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North Iowa law enforcement respond to Iowa's new gun law

North Iowa law enforcement respond to Iowa's new gun law

Mike McKelvey

Mike McKelvey

Iowa’s new law that allows people to more easily buy handguns and carry them in public without training or a permit went into effect July 1 as gun deaths have been increasing in the state.

With the new law, people purchasing pistols or revolvers no longer need to obtain permits to acquire or openly carry handguns, a process that could take days for a background check to complete.

Iowa’s new law also eliminates background checks to purchase handguns. Removing this requirement breaks with more than 20 other states that have similar policies.

People will still have to pass an instant federal background check to buy handguns at retailers. There will be no enforced requirement of background checks if people buy from private sellers.

Mason City Police Captain Mike McKelvey said he wants people to understand that this law does not translate into neighboring states and to understand this before crossing borders with handguns.

Clear Lake Police Captain Mike Colby said he does not think that the new law will cause an increase in gun violence and that it won’t have much of an impact on day-to-day life. The only area where Colby says will have an impact will be with the purchasing of firearms.

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"If people are lawful and complying, you have nothing to worry about," McKelvey said about the new law.

McKelvey said that he was concerned with how people are going to react to this new law and hopes people still remain responsible with firearms.

"If you screw up, it is possibly a felony if you sell without a permit," said McKelvey. "I'm worried that people might cut corners with handguns."

The passing of this law has caused researchers to be concerned about the effect it will have over gun violence in Iowa, especially with the rise in gun deaths.

A record 353 Iowa residents died from gunshot wounds in 2020, including 263 suicides and 85 homicides, an Iowa Department of Public Health spokeswoman said. The shooting deaths represent a 23% increase from Iowa’s previous high of 287 in 2019, including an 80% jump in homicides, according to state data.

It is the most dramatic one-year increase in an upward trend, which has accelerated since 2016. From 1999 to 2001, Iowa averaged 194 annual gun deaths, including just 25 homicides, according to federal data.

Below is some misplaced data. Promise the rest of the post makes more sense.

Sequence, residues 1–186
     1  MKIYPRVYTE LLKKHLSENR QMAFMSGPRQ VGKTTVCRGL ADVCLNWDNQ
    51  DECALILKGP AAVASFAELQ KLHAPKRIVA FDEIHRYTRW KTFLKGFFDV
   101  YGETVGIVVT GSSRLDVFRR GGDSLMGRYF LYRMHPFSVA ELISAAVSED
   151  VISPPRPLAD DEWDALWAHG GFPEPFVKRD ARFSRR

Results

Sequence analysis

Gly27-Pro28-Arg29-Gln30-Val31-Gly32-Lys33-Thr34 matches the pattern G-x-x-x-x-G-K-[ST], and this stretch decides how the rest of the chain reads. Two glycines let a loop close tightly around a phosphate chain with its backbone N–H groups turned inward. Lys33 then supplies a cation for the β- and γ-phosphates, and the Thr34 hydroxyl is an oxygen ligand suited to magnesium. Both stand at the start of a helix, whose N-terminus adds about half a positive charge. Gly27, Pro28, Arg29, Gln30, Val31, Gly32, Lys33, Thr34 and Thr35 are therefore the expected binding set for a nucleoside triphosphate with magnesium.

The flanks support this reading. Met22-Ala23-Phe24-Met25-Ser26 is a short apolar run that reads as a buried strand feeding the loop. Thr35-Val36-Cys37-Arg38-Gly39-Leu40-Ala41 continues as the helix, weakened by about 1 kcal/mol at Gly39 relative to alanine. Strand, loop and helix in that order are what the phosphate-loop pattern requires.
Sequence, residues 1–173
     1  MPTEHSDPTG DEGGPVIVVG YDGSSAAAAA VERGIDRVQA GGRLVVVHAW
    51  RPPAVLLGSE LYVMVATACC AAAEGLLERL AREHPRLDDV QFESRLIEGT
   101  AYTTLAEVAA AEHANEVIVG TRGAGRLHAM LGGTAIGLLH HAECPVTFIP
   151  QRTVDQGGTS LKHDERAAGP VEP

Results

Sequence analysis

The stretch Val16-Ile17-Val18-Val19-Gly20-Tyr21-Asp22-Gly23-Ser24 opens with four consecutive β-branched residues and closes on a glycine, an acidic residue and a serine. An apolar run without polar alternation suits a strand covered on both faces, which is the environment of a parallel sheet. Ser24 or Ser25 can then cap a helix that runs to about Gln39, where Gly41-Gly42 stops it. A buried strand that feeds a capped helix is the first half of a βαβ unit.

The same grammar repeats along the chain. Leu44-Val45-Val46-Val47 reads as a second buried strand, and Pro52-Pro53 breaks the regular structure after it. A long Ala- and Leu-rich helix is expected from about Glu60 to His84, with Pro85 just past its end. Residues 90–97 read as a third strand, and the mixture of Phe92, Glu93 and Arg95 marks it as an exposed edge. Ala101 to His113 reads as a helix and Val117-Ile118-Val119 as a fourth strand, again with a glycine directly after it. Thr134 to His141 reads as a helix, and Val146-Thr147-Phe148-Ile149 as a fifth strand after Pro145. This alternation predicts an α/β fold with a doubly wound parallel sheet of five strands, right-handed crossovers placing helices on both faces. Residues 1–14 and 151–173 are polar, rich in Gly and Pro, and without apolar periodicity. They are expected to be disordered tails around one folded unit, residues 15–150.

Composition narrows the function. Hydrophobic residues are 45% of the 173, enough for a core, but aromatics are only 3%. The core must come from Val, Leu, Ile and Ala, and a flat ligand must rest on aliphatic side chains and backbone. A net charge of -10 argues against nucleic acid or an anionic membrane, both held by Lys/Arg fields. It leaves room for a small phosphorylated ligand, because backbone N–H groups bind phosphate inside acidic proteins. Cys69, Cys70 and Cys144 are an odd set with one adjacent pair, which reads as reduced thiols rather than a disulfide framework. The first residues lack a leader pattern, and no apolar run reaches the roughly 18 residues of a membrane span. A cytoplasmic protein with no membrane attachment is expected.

According to McKelvey, he believes that the number of gun-related incidents have gone up this year in Mason City. McKelvey also added that there have been more reports of guns that turned out to be airsoft or replica guns in public.

Colby said this year there have been several gun related incidents in Clear Lake. Majority of those gun incidents were by the gun owners themselves in accidental discharges.

“Whatever law in the book, it won’t stop criminals from receiving guns,” Colby said.

A leading gun violence researcher said Iowa’s surge was part of a national increase that experts are trying to understand. Daniel Webster, director of the Johns Hopkins Center for Gun Violence Prevention and Policy, said he expects Iowa's sweeping handgun deregulation will make things worse, pointing to studies that have associated such changes elsewhere with a 25% or higher increase in homicides.

Eliminating Iowa’s permit to acquire a handgun will facilitate impulsive purchases that can be associated with suicide and homicide and remove a deterrent against illegal gun trafficking, Webster said.

The number of legally bought guns in Missouri that were used in crimes increased after the state eliminated its permit to acquire in 2007, according to Webster. Webster also said that research shows allowing people to carry loaded guns in public leads to more violent crime and gun thefts from vehicles.

"We've had more reports of guns that are misplaced or stolen from people," McKelvey said about Mason City's gun situation.

Supporters of the Iowa law will allow law-abiding citizens to better exercise their gun rights and obtain handguns for self-defense due to not having to apply to the government and pay a $50 carry permit.

“The relationship between your state government and the citizen is going to be flipped 180 degrees,” State GOP Senator Jason Schultz said. “You can bear that firearm without permission from the state in the form of a concealed weapon permit or in violation of any open carry laws.”

Schultz said that the push to loosen Iowa’s firearm rules has taken decades and that it is a “blessing on the citizenry and a problem for criminals because there’s more good guys armed out there.”

The group Iowa Gun Owners called the law “a monumental advancement in Second Amendment freedom for law abiding Iowans who are sick of being tracked, traced, and registered like criminals, just to carry a gun.”

Abby covers education and public safety for the Globe Gazette. Follow her on Twitter at @MkayAbby. Email her at


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